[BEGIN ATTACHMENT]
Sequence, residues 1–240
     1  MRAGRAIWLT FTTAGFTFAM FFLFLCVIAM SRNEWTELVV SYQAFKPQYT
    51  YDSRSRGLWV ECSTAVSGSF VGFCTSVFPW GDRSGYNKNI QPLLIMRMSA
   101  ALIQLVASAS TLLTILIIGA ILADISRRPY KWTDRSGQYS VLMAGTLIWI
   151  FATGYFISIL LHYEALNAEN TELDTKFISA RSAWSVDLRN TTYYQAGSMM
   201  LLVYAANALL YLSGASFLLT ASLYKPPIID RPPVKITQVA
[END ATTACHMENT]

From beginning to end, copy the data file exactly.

Sequence, residues 1–240
     1  MRAGRAIWLT FTTAGFTFAM FFLFLCVIAM SRNEWTELVV SYQAFKPQYT
    51  YDSRSRGLWV ECSTAVSGSF VGFCTSVFPW GDRSGYNKNI QPLLIMRMSA
   101  ALIQLVASAS TLLTILIIGA ILADISRRPY KWTDRSGQYS VLMAGTLIWI
   151  FATGYFISIL LHYEALNAEN TELDTKFISA RSAWSVDLRN TTYYQAGSMM
   201  LLVYAANALL YLSGASFLLT ASLYKPPIID RPPVKITQVA